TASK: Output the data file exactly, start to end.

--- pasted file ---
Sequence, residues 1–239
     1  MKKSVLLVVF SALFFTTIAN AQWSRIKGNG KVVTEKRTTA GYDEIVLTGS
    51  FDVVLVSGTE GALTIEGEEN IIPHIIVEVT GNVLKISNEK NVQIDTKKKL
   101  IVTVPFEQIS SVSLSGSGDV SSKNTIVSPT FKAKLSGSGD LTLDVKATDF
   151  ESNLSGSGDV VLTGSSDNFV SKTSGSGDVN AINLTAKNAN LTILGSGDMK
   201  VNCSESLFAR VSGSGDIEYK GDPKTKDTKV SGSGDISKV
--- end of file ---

Sequence, residues 1–239
     1  MKKSVLLVVF SALFFTTIAN AQWSRIKGNG KVVTEKRTTA GYDEIVLTGS
    51  FDVVLVSGTE GALTIEGEEN IIPHIIVEVT GNVLKISNEK NVQIDTKKKL
   101  IVTVPFEQIS SVSLSGSGDV SSKNTIVSPT FKAKLSGSGD LTLDVKATDF
   151  ESNLSGSGDV VLTGSSDNFV SKTSGSGDVN AINLTAKNAN LTILGSGDMK
   201  VNCSESLFAR VSGSGDIEYK GDPKTKDTKV SGSGDISKV